Thursday, March 29, 2007
I am a Jew
From right to left: Rabbi Michael Latz, myself, Rabbi Will Berkowitz, and Rabbi Yohanna Kinberg with her beautiful baby son.
Today was the big day. My husband, my best friend, and I arrived about 20 minutes early. We enjoyed the Spring sun. When the Rabbi’s arrived, we headed into the front room of the mikveh. The mikveh was much more modern than I expected it to be, very new, and very nice.
It was exciting to speak with the Bet Din before immersion. I also found is frustrating, as they all posed some significant, meaty questions. While they seemed to enjoy my answers, I never felt like I could quite express myself as well as I wanted. Being that these questions are often ones pondered through the ages, I guess I should lighten up on myself.
After about 30 minutes, our dialogue was finished and I was excused. Five minutes later, I was called to immerse in the mikveh. I showered and dried off. My husband served as my witness and the Rabbi’s stood outside the door, thank goodness. I am not shy, but my Rabbis do not need to see me naked. No reason, no way.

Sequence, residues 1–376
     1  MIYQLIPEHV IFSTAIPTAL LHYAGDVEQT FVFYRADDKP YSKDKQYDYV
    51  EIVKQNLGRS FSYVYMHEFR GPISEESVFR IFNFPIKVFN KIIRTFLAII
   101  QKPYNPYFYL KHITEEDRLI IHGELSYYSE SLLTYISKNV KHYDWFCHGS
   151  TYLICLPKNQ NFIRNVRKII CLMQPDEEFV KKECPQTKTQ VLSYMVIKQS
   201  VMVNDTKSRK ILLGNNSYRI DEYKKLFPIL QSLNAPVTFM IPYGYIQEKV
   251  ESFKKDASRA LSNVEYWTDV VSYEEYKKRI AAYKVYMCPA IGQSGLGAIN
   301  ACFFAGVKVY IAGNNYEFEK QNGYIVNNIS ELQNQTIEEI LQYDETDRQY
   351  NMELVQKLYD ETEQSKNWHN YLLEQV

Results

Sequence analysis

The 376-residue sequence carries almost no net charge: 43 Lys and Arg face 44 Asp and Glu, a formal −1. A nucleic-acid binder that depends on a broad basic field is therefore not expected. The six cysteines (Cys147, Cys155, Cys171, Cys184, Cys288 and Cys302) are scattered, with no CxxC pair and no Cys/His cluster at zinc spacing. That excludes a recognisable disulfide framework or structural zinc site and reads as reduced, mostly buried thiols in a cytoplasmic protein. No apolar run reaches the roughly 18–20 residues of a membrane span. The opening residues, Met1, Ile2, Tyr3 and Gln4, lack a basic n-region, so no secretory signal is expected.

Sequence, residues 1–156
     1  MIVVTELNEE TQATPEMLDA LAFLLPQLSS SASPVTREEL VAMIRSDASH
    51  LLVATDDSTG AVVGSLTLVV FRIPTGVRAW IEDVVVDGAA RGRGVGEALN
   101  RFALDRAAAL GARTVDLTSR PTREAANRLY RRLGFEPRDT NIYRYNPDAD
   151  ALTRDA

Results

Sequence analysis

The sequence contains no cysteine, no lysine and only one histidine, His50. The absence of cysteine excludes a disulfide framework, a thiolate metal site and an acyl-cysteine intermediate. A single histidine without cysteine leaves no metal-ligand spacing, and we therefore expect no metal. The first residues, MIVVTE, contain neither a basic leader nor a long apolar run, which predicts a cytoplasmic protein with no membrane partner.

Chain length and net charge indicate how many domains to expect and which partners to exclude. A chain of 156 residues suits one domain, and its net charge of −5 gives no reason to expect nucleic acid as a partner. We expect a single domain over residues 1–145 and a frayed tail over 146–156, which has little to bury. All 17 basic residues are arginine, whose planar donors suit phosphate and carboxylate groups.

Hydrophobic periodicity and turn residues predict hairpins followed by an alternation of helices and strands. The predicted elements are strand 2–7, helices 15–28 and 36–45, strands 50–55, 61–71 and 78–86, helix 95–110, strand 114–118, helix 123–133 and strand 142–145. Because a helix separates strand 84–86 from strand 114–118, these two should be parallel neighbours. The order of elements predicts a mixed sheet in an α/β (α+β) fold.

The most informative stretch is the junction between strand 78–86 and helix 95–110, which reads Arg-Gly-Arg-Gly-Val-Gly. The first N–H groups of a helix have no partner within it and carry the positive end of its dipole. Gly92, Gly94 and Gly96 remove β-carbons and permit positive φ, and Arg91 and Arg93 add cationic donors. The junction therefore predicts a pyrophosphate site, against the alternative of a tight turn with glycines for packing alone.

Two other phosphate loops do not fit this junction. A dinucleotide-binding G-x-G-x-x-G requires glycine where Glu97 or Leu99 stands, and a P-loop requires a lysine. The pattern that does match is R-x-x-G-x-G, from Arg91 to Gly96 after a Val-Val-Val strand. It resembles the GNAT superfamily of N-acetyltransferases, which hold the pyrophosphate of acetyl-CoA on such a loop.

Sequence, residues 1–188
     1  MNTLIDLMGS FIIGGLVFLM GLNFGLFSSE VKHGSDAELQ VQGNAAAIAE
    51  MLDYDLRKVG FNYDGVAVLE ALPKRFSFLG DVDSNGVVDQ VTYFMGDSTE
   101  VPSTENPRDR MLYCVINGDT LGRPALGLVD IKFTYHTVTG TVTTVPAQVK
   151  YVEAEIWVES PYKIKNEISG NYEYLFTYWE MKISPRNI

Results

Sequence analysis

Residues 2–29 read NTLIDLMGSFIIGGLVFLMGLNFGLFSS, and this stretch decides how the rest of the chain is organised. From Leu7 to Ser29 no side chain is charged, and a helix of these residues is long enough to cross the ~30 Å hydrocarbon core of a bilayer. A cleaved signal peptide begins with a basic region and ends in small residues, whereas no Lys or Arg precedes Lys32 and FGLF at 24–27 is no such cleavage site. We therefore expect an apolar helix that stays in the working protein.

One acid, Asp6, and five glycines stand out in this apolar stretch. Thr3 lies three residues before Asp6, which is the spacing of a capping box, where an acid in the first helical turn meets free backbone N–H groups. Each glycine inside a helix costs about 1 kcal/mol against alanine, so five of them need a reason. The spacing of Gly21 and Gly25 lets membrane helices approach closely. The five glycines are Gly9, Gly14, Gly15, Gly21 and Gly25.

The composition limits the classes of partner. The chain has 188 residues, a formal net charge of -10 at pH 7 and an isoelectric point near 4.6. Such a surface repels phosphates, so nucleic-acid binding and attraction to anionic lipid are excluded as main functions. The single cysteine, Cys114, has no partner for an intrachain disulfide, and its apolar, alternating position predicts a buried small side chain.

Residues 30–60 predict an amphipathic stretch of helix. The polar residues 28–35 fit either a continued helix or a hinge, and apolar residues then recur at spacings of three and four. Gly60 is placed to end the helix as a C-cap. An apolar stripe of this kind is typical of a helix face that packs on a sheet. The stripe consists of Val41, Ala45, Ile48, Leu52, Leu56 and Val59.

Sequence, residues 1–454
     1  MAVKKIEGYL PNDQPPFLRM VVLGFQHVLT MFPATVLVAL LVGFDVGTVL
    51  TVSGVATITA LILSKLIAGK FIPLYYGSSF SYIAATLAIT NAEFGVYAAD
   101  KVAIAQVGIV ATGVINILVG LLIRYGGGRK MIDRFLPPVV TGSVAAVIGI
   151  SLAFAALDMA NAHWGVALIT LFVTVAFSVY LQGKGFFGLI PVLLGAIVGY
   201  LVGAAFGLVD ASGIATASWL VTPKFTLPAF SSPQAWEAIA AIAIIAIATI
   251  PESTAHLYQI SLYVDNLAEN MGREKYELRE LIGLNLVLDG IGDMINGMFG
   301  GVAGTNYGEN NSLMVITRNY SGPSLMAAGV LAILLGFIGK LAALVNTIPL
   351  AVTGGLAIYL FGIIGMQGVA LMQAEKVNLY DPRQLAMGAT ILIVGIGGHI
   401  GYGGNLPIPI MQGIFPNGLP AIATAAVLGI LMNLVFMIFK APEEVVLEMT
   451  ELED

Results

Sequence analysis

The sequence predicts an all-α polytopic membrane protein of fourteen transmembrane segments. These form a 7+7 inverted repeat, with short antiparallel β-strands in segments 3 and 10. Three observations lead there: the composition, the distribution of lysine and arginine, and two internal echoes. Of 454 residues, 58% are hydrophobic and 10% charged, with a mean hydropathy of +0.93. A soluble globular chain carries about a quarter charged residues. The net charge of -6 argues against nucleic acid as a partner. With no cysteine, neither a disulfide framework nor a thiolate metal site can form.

I immersed three times, saying the three separate prayers. Coming up the third time, I emerged as a Jew. I dried off (again), got dressed, and went out into the front room. There, I signed my conversion certificate, with both my given name and my Hebrew name, in Hebrew no less.
Then each person in the room left me with such kind words, I was overwhelmed and speechless. Most notably was Rabbi Rabbi Kinberg, who said that she was honored to be a member of my tribe. I am still astounded by those words.
I left feeling different, and not so different. While I am happy, fulfilled, and pleased, I am also feeling disoriented. My goal was the conversion; now what? Where am I headed? Where am I going? What am I striving for? Clearly, I am always seeking a closer relationship with Hashem, my Jewish community, and the global community. But, where in the world do I begin to do these things as a newly converted Jew?
I guess I just begin wherever I start. What a wonderful, alive day this has been